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Arrow-headed Script Project

Staff: Dr Dragomir Dimitrov
Project Director: Professor Michael Hahn

The Arrow-headed Script Project was launched in October 2004 with the financial support of the German Research Foundation. Professor Michael Hahn and Dr Albrecht Hanisch revived the interest in the little-known Arrow-headed or Bhaikṣukī script and gave a fresh impetus to the study of the few surviving documents written in this script. Only ten brief inscriptions and three manuscripts, all of them to be assigned to a date in the eleventh and the twelfth centuries, are known to have withstood the ravages of time. The first part of the Project ended in February 2007 with the successful completion of the work on the unique manuscript of Sarvarakṣita’s Maṇicūḍajātaka, a poem written in a most interesting mixture of Sanskrit and a special kind of Prakrit.

            Since March 2007 Dr Dragomir Dimitrov has been in charge of the second part of the Project which focuses on another remarkable manuscript written in the Bhaikṣukī script, namely a fragmentary codex unicus of the Candrālaṃkāra. The text preserved in this manuscript turned out to be a hitherto unknown commentary on the Cāndravyākaraṇa, the seminal Sanskrit grammar by the Buddhist scholar Candragomin (fifth century AD). The Candrālaṃkāra was written probably in the first half of the twelfth century by an anonymous Buddhist author.
            Thirty-five leaves of the Candrālaṃkāra manuscript were found and purchased by Cecil Bendall (1856–1906) when he made a trip to Nepal in 1884. In 1886 Bendall, who is considered to be the discoverer of the Bhaikṣukī script, published his preliminary study of the script together with a short description of the manuscript. In 1895 Bruno Liebich, the renowned expert on the Cāndravyākaraṇa at that time, analysed this codex and briefly described the text. After the manuscript was eventually submitted to the Cambridge University Library in 1934, however, it fell into complete oblivion. Thus, even when in 1971 another twenty-three folios of the same manuscript were photographed unknowingly by the Institute for Advanced Studies of World Religions (Stony Brook, USA) in Kathmandu and in 1983 two folios from the same portion were microfilmed by the Nepal-German Manuscript Preservation Project, no one was aware of the connection between the two portions preserved in Cambridge and Kathmandu, and hardly anyone was able to read the script, let alone establish the title and study the text.
            A preliminary analysis of the Candrālaṃkāra manuscript shows that a thorough examination of this codex is not only necessary but will also be particularly fruitful in obtaining more information about Buddhist studies in Sanskrit grammar. The aim in the final year of the Project is to describe the palaeographical features of this Bhaikṣukī manuscript and to compile a set of script tables containing as many characters as possible. A comprehensive description of the Bhaikṣukī script will provide the necessary basis for a detailed study of the script and its development in historical perspective. This would also facilitate work on other documents written in the Bhaikṣukī script.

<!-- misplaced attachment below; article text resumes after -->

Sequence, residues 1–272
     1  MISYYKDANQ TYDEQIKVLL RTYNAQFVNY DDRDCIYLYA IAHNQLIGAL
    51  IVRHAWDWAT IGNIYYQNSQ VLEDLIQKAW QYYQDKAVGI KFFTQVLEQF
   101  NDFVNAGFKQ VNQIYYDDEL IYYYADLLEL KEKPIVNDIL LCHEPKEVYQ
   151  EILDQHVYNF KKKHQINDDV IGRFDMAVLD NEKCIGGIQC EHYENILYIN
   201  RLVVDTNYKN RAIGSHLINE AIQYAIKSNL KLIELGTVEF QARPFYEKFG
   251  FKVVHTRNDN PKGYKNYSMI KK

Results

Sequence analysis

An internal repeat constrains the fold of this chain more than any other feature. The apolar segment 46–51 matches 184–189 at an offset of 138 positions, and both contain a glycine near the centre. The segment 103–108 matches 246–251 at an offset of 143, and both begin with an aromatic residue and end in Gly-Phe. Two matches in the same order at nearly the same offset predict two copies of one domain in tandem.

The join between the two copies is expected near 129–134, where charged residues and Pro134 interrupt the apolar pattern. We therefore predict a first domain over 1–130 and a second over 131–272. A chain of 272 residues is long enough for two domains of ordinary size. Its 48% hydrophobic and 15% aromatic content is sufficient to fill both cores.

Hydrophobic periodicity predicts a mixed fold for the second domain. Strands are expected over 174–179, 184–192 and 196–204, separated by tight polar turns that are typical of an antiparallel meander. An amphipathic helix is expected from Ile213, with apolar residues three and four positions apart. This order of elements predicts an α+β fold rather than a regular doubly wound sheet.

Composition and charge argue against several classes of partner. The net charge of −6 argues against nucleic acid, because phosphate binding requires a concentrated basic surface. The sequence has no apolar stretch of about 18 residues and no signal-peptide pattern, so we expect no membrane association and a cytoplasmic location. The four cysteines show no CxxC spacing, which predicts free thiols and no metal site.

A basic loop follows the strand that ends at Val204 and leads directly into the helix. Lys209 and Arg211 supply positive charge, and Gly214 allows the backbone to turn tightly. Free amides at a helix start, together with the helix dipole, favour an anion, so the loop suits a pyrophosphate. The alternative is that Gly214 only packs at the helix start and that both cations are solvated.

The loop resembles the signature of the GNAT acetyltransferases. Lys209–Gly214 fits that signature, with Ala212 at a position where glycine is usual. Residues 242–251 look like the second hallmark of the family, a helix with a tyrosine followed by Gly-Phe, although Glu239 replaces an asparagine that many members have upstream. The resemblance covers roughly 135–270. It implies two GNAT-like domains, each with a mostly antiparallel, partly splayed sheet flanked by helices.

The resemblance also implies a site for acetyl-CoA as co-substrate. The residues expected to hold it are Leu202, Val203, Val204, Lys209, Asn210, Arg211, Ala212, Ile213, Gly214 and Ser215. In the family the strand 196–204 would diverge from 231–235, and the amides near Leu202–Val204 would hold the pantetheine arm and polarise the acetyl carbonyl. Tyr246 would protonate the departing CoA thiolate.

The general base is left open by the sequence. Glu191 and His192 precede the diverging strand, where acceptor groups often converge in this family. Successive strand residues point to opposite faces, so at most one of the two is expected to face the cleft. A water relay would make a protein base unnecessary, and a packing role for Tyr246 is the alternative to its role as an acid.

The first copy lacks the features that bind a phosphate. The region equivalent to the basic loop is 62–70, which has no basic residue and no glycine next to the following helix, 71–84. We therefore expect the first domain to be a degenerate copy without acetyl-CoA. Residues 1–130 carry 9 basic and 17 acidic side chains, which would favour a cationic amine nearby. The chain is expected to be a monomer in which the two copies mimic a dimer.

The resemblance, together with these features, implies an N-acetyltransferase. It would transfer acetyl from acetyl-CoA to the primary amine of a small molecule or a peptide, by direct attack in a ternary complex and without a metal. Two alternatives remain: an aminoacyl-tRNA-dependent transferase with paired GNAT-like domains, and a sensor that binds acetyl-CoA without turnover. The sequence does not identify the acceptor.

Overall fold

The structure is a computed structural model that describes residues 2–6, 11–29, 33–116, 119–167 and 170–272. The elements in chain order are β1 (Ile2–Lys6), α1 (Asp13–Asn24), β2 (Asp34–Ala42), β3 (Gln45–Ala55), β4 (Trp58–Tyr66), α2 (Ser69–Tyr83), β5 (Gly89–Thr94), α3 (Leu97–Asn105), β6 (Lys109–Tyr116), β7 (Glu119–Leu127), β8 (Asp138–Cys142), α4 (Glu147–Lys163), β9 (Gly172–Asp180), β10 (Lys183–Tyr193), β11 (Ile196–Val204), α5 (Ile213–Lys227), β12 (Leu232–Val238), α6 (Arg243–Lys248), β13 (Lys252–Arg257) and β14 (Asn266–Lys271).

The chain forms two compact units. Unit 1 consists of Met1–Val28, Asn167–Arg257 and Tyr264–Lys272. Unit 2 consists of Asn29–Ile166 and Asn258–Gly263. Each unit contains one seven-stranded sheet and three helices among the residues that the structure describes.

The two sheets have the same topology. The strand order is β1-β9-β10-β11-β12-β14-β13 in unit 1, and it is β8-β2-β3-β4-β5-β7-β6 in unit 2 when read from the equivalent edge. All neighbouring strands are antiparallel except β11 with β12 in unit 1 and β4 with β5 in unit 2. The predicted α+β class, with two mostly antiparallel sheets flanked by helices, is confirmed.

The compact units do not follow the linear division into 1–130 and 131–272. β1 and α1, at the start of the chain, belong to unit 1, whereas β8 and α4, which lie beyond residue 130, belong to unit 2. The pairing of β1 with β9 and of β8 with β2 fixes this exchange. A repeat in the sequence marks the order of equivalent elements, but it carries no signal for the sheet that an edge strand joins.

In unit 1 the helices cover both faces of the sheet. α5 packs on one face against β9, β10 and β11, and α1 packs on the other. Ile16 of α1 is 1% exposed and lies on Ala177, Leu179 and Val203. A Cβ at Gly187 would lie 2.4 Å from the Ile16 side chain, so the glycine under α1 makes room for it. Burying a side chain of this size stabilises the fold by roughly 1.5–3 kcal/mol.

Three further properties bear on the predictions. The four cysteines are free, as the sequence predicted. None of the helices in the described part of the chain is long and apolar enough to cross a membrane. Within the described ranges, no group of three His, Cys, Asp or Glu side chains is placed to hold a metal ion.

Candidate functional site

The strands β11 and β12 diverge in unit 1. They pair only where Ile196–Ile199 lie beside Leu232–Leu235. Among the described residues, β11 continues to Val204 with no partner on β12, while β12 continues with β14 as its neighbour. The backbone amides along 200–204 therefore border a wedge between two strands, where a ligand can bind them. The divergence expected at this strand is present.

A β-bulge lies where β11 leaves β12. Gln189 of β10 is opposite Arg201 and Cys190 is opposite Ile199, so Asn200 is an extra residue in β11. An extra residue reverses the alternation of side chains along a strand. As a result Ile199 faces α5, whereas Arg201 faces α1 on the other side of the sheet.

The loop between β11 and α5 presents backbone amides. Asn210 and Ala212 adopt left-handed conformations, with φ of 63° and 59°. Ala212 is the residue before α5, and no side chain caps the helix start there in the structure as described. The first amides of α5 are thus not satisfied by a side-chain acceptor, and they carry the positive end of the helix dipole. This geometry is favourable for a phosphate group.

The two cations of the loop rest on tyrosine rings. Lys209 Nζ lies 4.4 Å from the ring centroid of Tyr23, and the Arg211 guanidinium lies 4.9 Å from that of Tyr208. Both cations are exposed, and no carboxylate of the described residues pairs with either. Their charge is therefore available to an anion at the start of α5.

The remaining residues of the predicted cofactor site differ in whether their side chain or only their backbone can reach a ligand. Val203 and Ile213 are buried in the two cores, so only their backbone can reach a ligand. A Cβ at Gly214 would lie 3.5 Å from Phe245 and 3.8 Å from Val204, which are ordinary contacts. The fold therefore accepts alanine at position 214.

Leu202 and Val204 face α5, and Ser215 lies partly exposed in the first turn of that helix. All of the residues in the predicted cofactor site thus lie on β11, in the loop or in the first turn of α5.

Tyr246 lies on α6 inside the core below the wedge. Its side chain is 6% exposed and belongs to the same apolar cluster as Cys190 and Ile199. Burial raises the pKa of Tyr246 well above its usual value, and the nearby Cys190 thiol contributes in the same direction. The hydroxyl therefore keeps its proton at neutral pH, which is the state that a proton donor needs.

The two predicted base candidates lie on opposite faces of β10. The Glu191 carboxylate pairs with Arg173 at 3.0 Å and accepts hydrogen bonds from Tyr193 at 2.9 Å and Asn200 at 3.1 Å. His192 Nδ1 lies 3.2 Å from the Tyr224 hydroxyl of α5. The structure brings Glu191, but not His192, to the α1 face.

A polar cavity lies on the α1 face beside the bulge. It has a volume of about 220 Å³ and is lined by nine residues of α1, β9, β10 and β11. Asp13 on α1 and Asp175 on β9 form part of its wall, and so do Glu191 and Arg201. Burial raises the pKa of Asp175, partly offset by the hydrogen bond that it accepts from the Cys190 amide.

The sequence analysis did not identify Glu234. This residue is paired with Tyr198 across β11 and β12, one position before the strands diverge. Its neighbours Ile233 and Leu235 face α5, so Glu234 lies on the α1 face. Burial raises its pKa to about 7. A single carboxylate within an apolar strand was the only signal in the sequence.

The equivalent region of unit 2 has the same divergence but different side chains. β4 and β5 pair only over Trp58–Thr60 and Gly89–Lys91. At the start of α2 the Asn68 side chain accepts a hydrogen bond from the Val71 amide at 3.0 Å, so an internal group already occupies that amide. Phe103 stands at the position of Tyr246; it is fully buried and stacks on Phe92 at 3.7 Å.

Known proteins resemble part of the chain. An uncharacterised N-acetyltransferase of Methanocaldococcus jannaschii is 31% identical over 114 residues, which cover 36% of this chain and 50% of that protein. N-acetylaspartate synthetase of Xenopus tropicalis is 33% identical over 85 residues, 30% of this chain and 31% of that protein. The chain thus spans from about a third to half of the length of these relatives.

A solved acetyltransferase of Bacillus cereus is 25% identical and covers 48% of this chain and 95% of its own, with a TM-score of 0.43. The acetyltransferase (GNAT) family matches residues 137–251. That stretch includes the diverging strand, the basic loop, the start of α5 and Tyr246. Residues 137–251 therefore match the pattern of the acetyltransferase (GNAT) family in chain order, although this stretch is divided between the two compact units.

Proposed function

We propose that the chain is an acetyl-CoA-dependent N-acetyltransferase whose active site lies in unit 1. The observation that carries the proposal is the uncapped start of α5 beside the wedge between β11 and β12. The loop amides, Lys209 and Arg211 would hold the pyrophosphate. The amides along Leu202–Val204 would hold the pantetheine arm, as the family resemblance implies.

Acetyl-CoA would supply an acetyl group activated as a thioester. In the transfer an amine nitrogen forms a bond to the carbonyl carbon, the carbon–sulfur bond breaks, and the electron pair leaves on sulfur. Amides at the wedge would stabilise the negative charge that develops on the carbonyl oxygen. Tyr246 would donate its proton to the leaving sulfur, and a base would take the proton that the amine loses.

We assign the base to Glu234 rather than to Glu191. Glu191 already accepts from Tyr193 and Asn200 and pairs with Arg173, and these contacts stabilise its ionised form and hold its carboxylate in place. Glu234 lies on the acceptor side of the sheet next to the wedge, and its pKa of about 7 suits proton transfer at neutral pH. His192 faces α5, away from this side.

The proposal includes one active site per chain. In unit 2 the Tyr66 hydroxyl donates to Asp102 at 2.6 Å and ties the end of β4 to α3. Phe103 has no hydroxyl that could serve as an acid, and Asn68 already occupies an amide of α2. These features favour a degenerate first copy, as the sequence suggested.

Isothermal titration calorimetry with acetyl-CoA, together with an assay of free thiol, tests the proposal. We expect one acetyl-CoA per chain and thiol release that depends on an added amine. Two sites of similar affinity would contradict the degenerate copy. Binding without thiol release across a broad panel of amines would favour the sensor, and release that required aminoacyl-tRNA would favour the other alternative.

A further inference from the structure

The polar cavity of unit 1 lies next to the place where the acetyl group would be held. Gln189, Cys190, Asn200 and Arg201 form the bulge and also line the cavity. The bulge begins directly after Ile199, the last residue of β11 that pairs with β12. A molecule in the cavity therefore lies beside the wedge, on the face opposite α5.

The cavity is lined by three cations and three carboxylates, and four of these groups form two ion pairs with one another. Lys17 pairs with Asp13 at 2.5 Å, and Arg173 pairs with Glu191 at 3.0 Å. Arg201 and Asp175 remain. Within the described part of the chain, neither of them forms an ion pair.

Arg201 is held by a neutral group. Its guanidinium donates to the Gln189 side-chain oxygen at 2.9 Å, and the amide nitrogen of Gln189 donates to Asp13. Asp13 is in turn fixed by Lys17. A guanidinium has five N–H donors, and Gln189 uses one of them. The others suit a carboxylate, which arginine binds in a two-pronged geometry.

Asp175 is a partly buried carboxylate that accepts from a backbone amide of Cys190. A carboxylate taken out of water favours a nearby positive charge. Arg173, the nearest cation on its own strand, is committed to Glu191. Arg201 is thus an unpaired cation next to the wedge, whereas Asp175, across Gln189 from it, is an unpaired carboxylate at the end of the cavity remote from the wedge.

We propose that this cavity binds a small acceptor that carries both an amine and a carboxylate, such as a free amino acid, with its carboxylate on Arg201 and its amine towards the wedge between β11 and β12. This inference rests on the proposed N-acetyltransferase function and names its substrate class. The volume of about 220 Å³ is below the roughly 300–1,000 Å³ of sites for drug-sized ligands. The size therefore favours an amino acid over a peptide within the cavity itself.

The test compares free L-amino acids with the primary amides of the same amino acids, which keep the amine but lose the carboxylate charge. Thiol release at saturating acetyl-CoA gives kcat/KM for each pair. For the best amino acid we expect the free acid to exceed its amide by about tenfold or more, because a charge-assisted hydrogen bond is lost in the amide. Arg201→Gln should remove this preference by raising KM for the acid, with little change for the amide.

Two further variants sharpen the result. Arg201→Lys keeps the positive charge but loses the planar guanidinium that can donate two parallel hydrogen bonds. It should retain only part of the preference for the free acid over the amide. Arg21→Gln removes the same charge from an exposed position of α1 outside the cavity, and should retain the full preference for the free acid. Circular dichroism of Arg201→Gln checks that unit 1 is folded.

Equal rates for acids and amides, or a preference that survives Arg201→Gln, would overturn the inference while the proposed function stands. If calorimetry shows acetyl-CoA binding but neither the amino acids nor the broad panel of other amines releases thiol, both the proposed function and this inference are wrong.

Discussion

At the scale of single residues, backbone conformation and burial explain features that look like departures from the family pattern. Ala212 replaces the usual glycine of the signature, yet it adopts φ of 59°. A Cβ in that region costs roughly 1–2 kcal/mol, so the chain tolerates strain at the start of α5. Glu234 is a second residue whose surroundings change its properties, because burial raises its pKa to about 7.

A detailed description of the codex and a diplomatic transcript will be prepared for use in preparing an editio princeps of the Candrālaṃkāra. An attempt will be made to throw more light on the relationship between this commentary and other grammatical treatises, its position in the Cāndra school of grammar will be defined, and the identity of the author of the Candrālaṃkāra will be investigated.
            This Project on the Candrālaṃkāra manuscript will provide, on the one hand, a much better understanding of the poorly recorded Bhaikṣukī script as used by Buddhist scholars in the twelfth century in Northern India, mainly in today’s Bihar. Thus, a long-felt desideratum in the field of Indian palaeography will eventually be fulfilled. On the other hand, the field of Indian grammar will be enriched with the commentary on the Cāndravyākaraṇa which until recently was believed to have been lost irretrievably. This should provide a fresh impulse for more intensive work on the Buddhist grammatical tradition in which many more texts still remain unstudied.

Selected Literature:

1886b  “On a newly discovered form of Indian character”, in: Verhandlungen des VII. Internationalen Orientalisten-Congresses gehalten in Wien im Jahre 1886. Arische Section. Mit zehn Tafeln. Vienna 1886. [Reprint: Nendeln/Lichtenstein 1968], pp. 111–125.

1896    Indische Palaeographie von circa 350 A. Chr. – circa 1300 P. Chr. (mit 9 Tafeln.). Von G. Bühler. Straßburg 1896. (Grundriss der Indo-Arischen Philologie und Altertumskunde, I. Band, 11. Heft).

HAHN, Michael
2005    “Preliminary Remarks on Two Manuscripts Written in the So-called “Arrow-headed” Script”, in: Buddhism and Jainism. Essays in Honour of Dr. Hojun Nagasaki on His Seventieth Birthday. Kyoto 2005, pp. 712–701, [119–130].

HANISCH, Albrecht
2006    “Progress in Deciphering the So-called “Arrow-head” Script Allowing Access to Sarvarakṣita’s Maṇicūḍajātaka, a Text of the Buddhist Sāṃmitīya School”, in: Journal of Buddhist Studies, Vol. IV. Colombo 2006, pp. 109–161.

2007    “The Contents of the Extant Portions of the Candrālaṃkāra, an Unknown Commentary on the Cāndravyākaraṇa, as Preserved in a Manuscript Fragment Written in the “Arrow-head” Script”, in: Saṃbhāṣā, Nagoya Studies in Indian Culture and Buddhism. Volume 26. Nagoya 2007, pp. 127–161.

1895    Das Cāndra-Vyākaraṇa. Von Bruno Liebich. [Göttingen] 1895. ([Sonderdruck a]us den Nachrichten der K. Gesellschaft der Wissenschaften zu Göttingen. Philologisch-historische Klasse. 1895. Heft 3).

Zuletzt aktualisiert: 24.02.2009 · Dragomir Dimitrov

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